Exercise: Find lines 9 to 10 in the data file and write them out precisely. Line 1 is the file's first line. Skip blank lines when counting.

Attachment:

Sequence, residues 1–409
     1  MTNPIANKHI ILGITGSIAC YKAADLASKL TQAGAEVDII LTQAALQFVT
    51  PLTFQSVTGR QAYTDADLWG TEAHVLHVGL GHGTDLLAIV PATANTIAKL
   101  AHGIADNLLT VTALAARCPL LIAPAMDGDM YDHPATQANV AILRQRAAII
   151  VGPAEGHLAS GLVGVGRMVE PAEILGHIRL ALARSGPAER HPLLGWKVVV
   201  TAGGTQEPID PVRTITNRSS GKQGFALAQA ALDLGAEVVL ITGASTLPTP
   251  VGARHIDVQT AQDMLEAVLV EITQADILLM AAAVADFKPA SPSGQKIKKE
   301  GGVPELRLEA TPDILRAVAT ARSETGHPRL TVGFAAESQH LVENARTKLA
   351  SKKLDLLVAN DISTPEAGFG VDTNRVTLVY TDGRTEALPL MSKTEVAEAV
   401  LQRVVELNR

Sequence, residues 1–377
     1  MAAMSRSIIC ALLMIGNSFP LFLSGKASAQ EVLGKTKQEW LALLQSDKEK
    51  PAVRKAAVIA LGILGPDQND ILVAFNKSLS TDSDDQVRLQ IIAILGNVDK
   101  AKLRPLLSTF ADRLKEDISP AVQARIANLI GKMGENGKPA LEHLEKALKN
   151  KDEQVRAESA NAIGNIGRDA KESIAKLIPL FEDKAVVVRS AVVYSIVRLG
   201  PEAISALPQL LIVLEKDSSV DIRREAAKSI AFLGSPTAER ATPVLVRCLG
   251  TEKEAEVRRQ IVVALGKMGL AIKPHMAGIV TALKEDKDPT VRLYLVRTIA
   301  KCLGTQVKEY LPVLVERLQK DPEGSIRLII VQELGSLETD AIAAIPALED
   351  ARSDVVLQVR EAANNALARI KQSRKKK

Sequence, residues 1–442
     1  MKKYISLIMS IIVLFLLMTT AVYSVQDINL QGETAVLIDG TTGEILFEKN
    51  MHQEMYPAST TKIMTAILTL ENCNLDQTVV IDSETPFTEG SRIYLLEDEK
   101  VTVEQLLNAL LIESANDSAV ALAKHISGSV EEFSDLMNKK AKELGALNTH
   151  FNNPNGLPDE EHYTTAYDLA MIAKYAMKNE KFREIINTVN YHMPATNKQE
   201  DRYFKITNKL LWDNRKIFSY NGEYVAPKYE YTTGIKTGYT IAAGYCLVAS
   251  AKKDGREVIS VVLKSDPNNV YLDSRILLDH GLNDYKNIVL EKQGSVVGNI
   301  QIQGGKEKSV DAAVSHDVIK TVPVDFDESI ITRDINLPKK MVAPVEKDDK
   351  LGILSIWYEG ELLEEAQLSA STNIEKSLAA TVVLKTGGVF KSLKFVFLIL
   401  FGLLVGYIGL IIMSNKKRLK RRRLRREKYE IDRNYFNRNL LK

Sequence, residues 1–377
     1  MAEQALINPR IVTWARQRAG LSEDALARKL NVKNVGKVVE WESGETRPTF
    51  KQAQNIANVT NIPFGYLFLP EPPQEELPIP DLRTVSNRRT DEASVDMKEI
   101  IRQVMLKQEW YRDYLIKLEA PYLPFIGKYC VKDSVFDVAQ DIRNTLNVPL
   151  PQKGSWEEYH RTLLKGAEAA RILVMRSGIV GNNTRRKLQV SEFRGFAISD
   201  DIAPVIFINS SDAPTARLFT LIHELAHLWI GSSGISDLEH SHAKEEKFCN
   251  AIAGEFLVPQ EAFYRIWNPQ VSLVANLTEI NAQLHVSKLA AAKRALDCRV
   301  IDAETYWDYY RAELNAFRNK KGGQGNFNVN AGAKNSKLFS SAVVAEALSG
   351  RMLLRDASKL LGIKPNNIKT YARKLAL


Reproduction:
   351  SKKLDLLVAN DISTPEAGFG VDTNRVTLVY TDGRTEALPL MSKTEVAEAV
   401  LQRVVELNR